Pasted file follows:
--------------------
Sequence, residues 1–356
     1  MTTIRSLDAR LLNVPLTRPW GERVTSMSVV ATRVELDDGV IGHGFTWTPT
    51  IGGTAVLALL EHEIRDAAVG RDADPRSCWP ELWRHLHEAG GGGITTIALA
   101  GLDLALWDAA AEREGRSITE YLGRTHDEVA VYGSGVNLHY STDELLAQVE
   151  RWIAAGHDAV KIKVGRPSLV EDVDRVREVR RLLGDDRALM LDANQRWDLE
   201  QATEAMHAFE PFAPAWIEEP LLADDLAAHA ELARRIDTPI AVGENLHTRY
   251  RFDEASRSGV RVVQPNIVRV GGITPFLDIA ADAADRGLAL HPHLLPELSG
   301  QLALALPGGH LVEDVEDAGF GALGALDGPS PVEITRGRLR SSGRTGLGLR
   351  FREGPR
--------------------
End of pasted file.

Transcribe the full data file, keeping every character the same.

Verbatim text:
Sequence, residues 1–356
     1  MTTIRSLDAR LLNVPLTRPW GERVTSMSVV ATRVELDDGV IGHGFTWTPT
    51  IGGTAVLALL EHEIRDAAVG RDADPRSCWP ELWRHLHEAG GGGITTIALA
   101  GLDLALWDAA AEREGRSITE YLGRTHDEVA VYGSGVNLHY STDELLAQVE
   151  RWIAAGHDAV KIKVGRPSLV EDVDRVREVR RLLGDDRALM LDANQRWDLE
   201  QATEAMHAFE PFAPAWIEEP LLADDLAAHA ELARRIDTPI AVGENLHTRY
   251  RFDEASRSGV RVVQPNIVRV GGITPFLDIA ADAADRGLAL HPHLLPELSG
   301  QLALALPGGH LVEDVEDAGF GALGALDGPS PVEITRGRLR SSGRTGLGLR
   351  FREGPR